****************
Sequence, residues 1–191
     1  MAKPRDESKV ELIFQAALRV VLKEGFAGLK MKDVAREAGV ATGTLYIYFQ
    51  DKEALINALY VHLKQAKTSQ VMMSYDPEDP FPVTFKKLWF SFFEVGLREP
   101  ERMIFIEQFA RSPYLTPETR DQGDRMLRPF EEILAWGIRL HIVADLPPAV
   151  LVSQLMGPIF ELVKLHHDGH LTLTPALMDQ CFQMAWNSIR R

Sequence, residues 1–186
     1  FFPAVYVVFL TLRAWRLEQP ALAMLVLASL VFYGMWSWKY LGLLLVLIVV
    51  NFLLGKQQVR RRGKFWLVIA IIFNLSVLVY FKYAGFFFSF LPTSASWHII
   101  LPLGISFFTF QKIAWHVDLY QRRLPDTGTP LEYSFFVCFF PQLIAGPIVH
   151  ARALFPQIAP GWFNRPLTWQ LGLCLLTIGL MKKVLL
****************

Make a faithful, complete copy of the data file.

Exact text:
Sequence, residues 1–191
     1  MAKPRDESKV ELIFQAALRV VLKEGFAGLK MKDVAREAGV ATGTLYIYFQ
    51  DKEALINALY VHLKQAKTSQ VMMSYDPEDP FPVTFKKLWF SFFEVGLREP
   101  ERMIFIEQFA RSPYLTPETR DQGDRMLRPF EEILAWGIRL HIVADLPPAV
   151  LVSQLMGPIF ELVKLHHDGH LTLTPALMDQ CFQMAWNSIR R

Sequence, residues 1–186
     1  FFPAVYVVFL TLRAWRLEQP ALAMLVLASL VFYGMWSWKY LGLLLVLIVV
    51  NFLLGKQQVR RRGKFWLVIA IIFNLSVLVY FKYAGFFFSF LPTSASWHII
   101  LPLGISFFTF QKIAWHVDLY QRRLPDTGTP LEYSFFVCFF PQLIAGPIVH
   151  ARALFPQIAP GWFNRPLTWQ LGLCLLTIGL MKKVLL